Asia,  Blog,  India,  Travelogue

Sailing on the Ganges

I first visited Varanasi in 1990. I was in college, and it was the holidays. I needed to get out of the city, and explore another place, another country.

It was the first time I was doing a solo trip. And while I am not a solo traveller, this was a journey I enjoyed from start to finish, if you discount the various mishaps that transpired along the way.

And with a series of mishaps was how I found myself in Varanasi, after having spent a few weeks travelling in Nepal. The border guard at the Nepal-India border had taken the dollars that I was carrying, leaving me with just about enough to pay for the bus ride from the border to Gorakhpur railway station. With no more money to buy a ticket to anywhere, I decided to risk travelling to Varanasi by rail, ticketless, in the hope of meeting up with childhood friends. I only had their address scribbled in my diary.

This was also the time when the country was on tenterhooks due to events of that time. And though there was a dawn to dusk curfew then, I finally managed to reach their home within BHU (Banaras Hindu University). And boy, was I glad to see them.

Besides feeding me and making sure there was a spot for me to sleep, they also introduced me to kullad chai, which we sipped outside the gates of BHU every time curfew was lifted.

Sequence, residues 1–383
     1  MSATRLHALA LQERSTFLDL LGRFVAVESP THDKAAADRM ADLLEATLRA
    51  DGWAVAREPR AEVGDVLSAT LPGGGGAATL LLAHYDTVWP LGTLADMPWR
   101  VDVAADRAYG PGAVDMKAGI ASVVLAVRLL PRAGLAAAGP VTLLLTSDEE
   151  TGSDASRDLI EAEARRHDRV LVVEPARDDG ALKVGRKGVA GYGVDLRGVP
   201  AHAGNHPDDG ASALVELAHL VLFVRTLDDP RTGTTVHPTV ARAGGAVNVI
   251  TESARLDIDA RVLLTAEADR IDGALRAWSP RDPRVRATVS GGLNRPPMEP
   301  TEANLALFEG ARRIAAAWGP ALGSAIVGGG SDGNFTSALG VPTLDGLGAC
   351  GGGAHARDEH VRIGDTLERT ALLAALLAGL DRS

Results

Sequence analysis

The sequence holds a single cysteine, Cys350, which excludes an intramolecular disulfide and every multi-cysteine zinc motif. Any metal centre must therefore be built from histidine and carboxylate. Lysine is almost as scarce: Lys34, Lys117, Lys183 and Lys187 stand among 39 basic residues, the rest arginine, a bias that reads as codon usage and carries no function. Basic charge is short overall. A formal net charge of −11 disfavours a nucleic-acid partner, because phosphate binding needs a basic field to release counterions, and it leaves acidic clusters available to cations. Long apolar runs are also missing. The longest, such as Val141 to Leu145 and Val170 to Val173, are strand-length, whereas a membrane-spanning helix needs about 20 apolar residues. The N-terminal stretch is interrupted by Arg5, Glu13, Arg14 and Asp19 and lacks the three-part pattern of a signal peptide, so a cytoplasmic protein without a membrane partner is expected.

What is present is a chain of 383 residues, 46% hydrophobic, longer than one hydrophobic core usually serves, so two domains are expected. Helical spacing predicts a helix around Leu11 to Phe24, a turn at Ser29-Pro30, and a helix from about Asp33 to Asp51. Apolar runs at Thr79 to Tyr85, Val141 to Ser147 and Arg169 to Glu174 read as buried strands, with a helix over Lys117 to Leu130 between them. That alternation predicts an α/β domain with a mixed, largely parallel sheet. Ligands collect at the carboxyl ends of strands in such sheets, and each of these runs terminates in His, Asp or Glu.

One evening curfew was relaxed till later in the night. This gave me the awaited opportunity to go see the city, and specifically, sail on the Ganges. I loved it. There was something magically soothing about that experience.

Last year, I visited the city again. And while it felt a lot dustier and more crowded, I again wanted to sail on the river. I wanted to see if I could experience what I felt those many years ago.

Making sure that there was enough time to make it for the Ganga Aarti. I rented a boat that evening. This time, I had a guide with me who pointed out each of the ghats along the way, explaining their history and significance.

Sailing on the river, gazing at the shores on either side took me back to the first time I had visited. It was like nothing had changed, and yet everything was different. Between quick looks around and smiles at other passengers on passing boats, my mind was lost in its own thoughts and memories from those many years ago.

Hopefully, I’ll not have to wait another 28 odd years to relive these memories again.

Part time nomad | Dreamer | Pretend entrepreneur | Advertising professional who's hardly at his desk

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